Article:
Accommodation in Germany

Now that all the paperwork has been sorted out, it is time to pack your bags and set off on your way to Germany. But where exactly were you planning to stay? Although, compared to such countries as the UK, staying in Germany generally tends to come with an overall lower cost of living, its citizens will typically spend between a fourth and a third of their yearly income on rent. With this in mind, a bit of planning ahead will help you avoid some potentially unpleasant surprises when it comes you your abode.

Renting vs. Buying

It may come as a surprise that an overwhelming majority of German citizens rely on renting rather than purchasing an own property. As you rightly expect, the rental market in Germany is a profitable branch of business itself, with average rent in Berlin fluctuating around €1,100 per month. Naturally, opting for the most densely populated German agglomerations, such as Munich, Frankfurt or Hamburg as your location will entail far greater expenditures for accommodation.

Buying propertyOn the other hand, while choosing a slightly more remote location for your dwelling will offer a chance to economise on the rent itself, at least a portion of thus saved finances will have to cover the cost of commuting. Singles and students will probably be better-off considering flat share or house share. At the end of the day, your choice depends solely on your individual situation and personal preferences. In any case, though, a careful consideration of the available solutions prior to arrival will save you that unnecessary stress.

The situation looks somewhat different for those who have got that extra stash of money and are considering taking out a long-term mortgage. Here, lenders will typically require a down payment of upwards of 40% of the intrinsic value of the property. In general terms, purchasing property in Germany is a complex process hedged about with numerous specific rules and conditions.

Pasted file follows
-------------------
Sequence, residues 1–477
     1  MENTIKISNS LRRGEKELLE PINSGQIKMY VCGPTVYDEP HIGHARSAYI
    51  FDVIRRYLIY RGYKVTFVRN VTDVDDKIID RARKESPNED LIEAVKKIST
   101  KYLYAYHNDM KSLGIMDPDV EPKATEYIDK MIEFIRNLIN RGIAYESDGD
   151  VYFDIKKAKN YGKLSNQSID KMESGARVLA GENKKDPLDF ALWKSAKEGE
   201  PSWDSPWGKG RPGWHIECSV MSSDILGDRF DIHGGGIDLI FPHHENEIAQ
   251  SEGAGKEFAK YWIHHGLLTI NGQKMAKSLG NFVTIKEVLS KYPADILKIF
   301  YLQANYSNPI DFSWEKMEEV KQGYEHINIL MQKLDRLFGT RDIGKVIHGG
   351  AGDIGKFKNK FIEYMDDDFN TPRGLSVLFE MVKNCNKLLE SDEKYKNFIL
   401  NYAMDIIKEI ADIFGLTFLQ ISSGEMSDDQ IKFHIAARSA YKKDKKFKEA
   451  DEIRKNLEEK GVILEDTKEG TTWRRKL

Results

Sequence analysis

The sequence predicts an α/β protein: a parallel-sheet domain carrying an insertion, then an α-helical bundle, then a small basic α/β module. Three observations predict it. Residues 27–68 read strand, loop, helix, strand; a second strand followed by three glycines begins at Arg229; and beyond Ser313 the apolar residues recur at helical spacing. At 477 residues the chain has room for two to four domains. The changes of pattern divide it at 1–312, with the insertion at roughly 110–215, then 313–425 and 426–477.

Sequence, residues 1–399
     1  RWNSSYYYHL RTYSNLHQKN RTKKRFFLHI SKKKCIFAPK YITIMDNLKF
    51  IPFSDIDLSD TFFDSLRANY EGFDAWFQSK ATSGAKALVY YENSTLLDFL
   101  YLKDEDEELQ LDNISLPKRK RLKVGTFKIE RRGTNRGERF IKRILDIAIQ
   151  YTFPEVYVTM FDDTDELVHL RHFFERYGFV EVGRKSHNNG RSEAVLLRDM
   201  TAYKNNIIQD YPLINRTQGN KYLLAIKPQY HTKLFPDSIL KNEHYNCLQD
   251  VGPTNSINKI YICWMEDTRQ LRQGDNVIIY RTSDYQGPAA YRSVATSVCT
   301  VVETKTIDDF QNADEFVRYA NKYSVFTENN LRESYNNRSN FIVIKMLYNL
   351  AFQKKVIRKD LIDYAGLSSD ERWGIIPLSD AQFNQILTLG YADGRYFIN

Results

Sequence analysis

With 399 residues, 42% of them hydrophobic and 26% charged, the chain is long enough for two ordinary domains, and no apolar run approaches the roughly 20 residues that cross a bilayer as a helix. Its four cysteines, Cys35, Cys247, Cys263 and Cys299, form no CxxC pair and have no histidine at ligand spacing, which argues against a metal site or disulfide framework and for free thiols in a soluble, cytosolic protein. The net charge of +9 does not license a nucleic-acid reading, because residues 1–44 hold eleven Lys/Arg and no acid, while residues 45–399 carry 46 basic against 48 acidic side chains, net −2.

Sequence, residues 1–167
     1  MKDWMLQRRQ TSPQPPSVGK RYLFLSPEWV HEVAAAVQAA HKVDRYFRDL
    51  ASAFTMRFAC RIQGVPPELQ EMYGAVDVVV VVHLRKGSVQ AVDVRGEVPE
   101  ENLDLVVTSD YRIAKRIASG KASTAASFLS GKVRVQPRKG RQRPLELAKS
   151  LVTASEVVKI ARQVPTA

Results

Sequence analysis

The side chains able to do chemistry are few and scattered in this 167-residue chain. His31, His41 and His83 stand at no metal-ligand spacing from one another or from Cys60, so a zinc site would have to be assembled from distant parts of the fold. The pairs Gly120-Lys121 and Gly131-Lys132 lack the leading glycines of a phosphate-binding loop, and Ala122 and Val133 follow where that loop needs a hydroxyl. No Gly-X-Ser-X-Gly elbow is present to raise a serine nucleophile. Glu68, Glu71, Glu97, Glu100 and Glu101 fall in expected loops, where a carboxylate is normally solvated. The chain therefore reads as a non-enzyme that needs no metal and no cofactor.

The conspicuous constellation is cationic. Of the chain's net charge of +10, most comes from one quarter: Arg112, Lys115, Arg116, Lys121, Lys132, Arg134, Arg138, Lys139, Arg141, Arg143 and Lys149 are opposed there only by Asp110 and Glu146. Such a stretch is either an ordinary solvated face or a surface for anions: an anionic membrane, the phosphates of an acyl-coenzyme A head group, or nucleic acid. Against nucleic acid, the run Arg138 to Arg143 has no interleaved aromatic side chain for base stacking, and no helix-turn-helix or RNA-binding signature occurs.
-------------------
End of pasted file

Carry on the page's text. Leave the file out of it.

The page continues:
Rental Property Application

As you will already know, British citizens have been allowed a visa-free entry and a limited stay in Germany. While this is the case, you will, nevertheless, have to register with a local Citizens’ Registration Office in Germany within a fortnight since arrival into the country. Make sure you have your a valid ID on you together with a confirmation of your address, if you have already arranged for a rental property. Just request the document from your housing provider before booking a date.

Once you are all set, it is time to look for the actual accommodation, in case you had not already rented anything out before registering with the Citizen’s Office. Researching rental prices in a region of choice can be a long-drawn-out process with many enticing options to consider. A rental calculator may come in handy to help you analyse the overall affordability of your search results. Much in the same way as in the UK, your prospective landlord will require several documents from you before you can sign the rental agreement. You can always request this information on the phone prior to the meeting. Typically, you may be asked to present:

  • A copy of your ID or passport
  • Confirmation of no rental debts
  • Salary confirmation
  • Bank statements

Medical Insurance in Germany

Every foreign resident in Germany is legally bound to register with a health insurer regardless of the date of arrival in the federal republic. Accessing health service can be done in different ways depending on one’s circumstances. The insurance scheme is usually covered by the employer. Self-employed individuals or ones whose employers do not offer statutory health insurance, can sign up for the private healthcare in Germany. Another option available is the European Health Insurance Card or its UK counterpart – Global Health Insurance Card. You will find more information in our dedicated guide to German health insurance policies.

The Cost of Moving to Germany by Road or Air Freight

Planning your removal to Germany from the UK will likely involve a decision of what belongings you may need to take with you, if any at all. For some of you, it is going to be a fresh start, while others will be interested in sending parcel to Germany while others will need to book full furniture removal. Again, depending on the amount and weight of your belongings as well as the final destination, the average cost will oscillate around £950 per room. For a two-bedroom house, you will have to spend £1900 and a four-bedroom household removal will cost you a total of £2850. A decidedly more efficient and so substantially more pricey solution is moving with air freight. Here, you will typically have to pay around £2100 for most types of properties.

In case you have any questions related to removals to Germany, do not hesitate to reach out to our experienced team of professionals.